Under a five year agreement signed between Afrique Live and Tanesco last week, the company will services live wires hence allowing normal flow of electricity during such an exercise thanks to advanced technology.
“We want to see clients who include industrial investors not complaining about power interruptions during servicing of electricity supply lines at this time when President John Magufuli’s government is encouraging investments in manufacturing industries as a means of graduating the economy to middle income and semi industrialised by 2025,” said Afrique Live Power Line Maintenance T and D Limited’s Managing Director, Engineer Donald Mwakamele.
Eng Mwakamele told reporters who were on a field visit to Morogoro over the past weekend that he spent some time outside the country practicing live power line servicing technology in Botswana and Zambia and is back home to serve his country. Live-line working, also known as hotline maintenance, is the maintenance of electrical equipment, often operating at high voltage, while the equipment is energised.
He said Contractors Registration Board (CRB) sent 40 female electric engineers to Afrique Live to get technical knowhow of the new technology so as to work on the planned project. “I have received 40 female engineers from CRB who want to acquire knowledge and skills of the new technology. My target is to achieve high quality and productivity through modern expertise and latest technology,” he said.
“We don’t have this technology in the country, and Tanzania will be the first country to start the using the live power line servicing technology in east and central Africa,” he added while pointing out that his firm is investing in innovative technologies that are aimed at boosting reliability of power supply by minimising interruptions.
“My company is launching today, the ‘Live line maintenance programme,’ an innovation that is targeted at reducing interruptions to power supply network in our country. Under the programme maintenance and servicing of power supply infrastructure such as replacing rotten poles, supply lines and conductors or cutting down trees encroaching them,” Eng Mwakamele noted.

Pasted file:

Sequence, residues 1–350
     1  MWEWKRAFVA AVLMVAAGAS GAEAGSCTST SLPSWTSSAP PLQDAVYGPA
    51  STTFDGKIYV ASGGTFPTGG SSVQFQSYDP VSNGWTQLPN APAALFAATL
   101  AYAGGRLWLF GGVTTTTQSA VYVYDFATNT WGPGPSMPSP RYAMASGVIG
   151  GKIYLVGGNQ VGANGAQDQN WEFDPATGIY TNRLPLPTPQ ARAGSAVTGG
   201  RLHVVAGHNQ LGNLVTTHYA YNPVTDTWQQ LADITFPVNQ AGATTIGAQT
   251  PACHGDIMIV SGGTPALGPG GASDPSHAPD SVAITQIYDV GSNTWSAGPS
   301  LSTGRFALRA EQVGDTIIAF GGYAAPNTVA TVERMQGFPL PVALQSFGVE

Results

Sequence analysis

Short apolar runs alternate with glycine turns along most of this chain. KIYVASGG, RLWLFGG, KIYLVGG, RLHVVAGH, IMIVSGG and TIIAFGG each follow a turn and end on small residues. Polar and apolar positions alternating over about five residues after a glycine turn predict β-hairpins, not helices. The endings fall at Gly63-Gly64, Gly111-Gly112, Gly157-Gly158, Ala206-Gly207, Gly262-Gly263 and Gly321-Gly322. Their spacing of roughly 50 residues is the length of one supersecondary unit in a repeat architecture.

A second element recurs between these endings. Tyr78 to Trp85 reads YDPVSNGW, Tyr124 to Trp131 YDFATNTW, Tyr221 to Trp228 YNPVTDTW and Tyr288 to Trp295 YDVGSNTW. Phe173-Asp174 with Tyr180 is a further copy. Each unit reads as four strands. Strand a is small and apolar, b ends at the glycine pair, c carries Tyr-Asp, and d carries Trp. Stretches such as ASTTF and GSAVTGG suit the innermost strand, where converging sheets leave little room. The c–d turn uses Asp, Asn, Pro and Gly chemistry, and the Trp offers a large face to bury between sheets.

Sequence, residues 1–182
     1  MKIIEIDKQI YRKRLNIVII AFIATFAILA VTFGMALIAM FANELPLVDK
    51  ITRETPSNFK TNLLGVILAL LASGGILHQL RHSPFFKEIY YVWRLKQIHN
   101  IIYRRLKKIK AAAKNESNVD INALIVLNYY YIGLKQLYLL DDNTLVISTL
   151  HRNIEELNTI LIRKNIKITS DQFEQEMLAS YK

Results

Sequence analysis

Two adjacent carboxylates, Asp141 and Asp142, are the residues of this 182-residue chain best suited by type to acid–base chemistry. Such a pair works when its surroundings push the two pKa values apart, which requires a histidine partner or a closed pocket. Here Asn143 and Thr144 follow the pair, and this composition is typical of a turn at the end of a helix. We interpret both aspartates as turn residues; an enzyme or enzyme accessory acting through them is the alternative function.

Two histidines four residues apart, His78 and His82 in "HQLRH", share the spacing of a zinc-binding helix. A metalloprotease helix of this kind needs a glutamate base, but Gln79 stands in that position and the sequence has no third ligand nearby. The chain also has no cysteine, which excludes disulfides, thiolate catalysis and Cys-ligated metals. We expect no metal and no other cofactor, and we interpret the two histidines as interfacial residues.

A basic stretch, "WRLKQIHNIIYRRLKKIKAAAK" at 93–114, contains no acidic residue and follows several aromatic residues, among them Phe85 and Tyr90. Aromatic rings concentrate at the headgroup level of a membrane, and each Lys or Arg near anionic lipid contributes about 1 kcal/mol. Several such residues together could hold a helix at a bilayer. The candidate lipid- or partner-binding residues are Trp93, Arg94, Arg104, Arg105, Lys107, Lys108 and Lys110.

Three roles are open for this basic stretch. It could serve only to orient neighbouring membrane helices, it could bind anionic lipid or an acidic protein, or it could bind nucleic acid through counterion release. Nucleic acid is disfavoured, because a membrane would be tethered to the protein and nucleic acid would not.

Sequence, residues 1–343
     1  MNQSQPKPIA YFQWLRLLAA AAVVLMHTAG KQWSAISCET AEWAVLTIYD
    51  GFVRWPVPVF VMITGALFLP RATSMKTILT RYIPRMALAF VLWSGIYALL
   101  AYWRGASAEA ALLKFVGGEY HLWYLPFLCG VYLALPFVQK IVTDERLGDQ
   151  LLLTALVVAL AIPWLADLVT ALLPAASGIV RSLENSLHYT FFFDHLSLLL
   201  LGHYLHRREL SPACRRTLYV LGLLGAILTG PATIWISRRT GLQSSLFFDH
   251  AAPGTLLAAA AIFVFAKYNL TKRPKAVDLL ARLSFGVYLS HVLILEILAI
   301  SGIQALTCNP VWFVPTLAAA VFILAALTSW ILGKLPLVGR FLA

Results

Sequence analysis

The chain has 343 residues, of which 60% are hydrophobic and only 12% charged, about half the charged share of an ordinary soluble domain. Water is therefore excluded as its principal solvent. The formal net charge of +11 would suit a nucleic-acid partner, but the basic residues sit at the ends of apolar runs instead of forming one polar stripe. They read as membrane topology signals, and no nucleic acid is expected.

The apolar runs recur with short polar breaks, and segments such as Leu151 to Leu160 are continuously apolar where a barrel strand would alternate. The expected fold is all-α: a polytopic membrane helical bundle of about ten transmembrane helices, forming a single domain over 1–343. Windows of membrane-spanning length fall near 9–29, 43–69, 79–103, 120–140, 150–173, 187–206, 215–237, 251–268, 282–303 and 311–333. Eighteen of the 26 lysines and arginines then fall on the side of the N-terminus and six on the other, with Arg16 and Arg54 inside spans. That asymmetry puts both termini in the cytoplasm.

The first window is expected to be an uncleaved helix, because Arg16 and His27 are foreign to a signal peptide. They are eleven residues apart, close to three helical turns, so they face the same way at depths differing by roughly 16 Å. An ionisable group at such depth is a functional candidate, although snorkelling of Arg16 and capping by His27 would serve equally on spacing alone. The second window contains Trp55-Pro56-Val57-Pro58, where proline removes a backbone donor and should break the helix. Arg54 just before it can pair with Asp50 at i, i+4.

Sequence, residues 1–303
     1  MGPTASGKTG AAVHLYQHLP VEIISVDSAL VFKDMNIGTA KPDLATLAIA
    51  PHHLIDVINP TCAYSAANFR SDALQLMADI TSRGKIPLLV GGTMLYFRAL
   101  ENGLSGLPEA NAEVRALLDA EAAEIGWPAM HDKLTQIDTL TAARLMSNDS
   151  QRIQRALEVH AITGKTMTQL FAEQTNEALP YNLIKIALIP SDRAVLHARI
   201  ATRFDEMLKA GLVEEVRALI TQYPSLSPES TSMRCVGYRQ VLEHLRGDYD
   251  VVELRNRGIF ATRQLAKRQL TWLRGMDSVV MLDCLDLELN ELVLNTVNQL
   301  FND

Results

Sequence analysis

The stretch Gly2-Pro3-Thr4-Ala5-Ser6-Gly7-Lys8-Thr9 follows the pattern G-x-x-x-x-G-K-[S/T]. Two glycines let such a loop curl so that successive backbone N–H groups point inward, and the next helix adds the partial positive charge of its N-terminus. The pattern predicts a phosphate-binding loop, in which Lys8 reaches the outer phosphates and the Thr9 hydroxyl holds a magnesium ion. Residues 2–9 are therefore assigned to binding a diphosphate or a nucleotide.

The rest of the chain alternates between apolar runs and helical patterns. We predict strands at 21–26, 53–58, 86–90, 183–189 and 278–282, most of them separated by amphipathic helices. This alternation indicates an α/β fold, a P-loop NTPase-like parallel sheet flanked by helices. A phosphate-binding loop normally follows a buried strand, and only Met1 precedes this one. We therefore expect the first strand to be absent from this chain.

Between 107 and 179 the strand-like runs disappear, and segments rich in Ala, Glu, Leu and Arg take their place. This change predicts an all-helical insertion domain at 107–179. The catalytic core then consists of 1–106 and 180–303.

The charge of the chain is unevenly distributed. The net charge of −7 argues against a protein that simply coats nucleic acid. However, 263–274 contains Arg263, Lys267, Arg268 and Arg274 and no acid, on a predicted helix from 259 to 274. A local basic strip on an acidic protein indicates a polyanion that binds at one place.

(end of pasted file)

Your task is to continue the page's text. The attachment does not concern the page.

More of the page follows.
About 60 percent of power interruptions arise from vegetation interference such as tree crossing power lines hence investing in the new technology is vital.
He further said that training one engineer to operate a live line maintenance can cost 500m/-. “It’s very expensive to train live line engineers but stakeholders should support this project to avoid power interruptions.
“Our company performs live line maintenance on energized circuits up to 33kv using modern bucket trucks. We are also changing jumpers and replacing jumper connections, hot spot repairs on lines, replace other apparatus, cut out a switch, changing straight line to dead end and many more,” he explained.
On her part, Stars General Insurance Company’s Manager, Doreen Mfalamagoha whose company covers the 40 female engineers working on the project, said her firm assures the women engineers and the public of better insurance coverage.
“We will cover them against accidents or getting sick so that they can concentrate on their training as this will benefit of our nation,” Mfalamagoha said while urging the public to consider insurance as a necessity other than a luxury.
On the other hand, the live line project female engineers, Lightness Salema, Dainess Uwezo and Milka Manyasi, at different times were grateful for landing the rare opportunity.
"We want to work with Tanesco to make power line repairs and maintenance without switching off electricity and interrupt businesses which are very important for growth," said Engineer Salema, a graduate from University of Dar es Salaam in 2002.
Seconding Eng Salema’s observation, Eng Manyasi who is a Saint Joseph University electric engineering graduate, said some people believe that their task is difficult hence only suitable for men.
“But the hard fact is that once you are keen to learn and understand the technology, the task is very easy and can be handled by any gender,” she underlined.
The first techniques for live-line working were developed in the early years of the 20th century, and both equipment and work methods were later refined to deal with increasingly higher voltages.